Under 2nd Review, Management Science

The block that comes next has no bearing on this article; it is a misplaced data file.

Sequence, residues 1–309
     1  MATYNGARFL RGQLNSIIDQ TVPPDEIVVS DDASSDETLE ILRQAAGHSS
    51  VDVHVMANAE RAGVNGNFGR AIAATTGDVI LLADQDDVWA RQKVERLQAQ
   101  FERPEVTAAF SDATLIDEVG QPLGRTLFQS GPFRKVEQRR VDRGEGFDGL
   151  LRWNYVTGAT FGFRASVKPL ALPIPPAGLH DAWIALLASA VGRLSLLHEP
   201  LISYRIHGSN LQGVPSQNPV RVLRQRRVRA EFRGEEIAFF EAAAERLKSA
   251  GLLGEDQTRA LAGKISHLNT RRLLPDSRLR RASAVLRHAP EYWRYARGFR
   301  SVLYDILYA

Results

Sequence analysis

Women pursue managerial credentials at nearly the same rate as men but evidence suggests they receive lower salaries from the onset of their managerial careers. While demand-side contributions to this gender wage gap are argued to occur, they can be difficult to pinpoint. This article develops a novel approach to test for the presence of demand-side contributions to initial gender wage inequality while also developing and testing theoretical arguments on an organizational practice through which it is lessened: tryouts. Using detailed data on several hundred professionally-trained managers that graduate from an elite program from 2009-2010, our analyses reveal that tryouts in the form of internships narrow the gap between men’s and women’s initial salaries. For men there is no difference in salary offers from employers where an internship occurs versus one where an internship does not occur. However, women receive higher initial salaries from employers where an internship first takes place. These findings suggest that labor market advantages and disadvantages across groups respond differently to organizational practices and sheds light on the nature of practices that lessen inequality.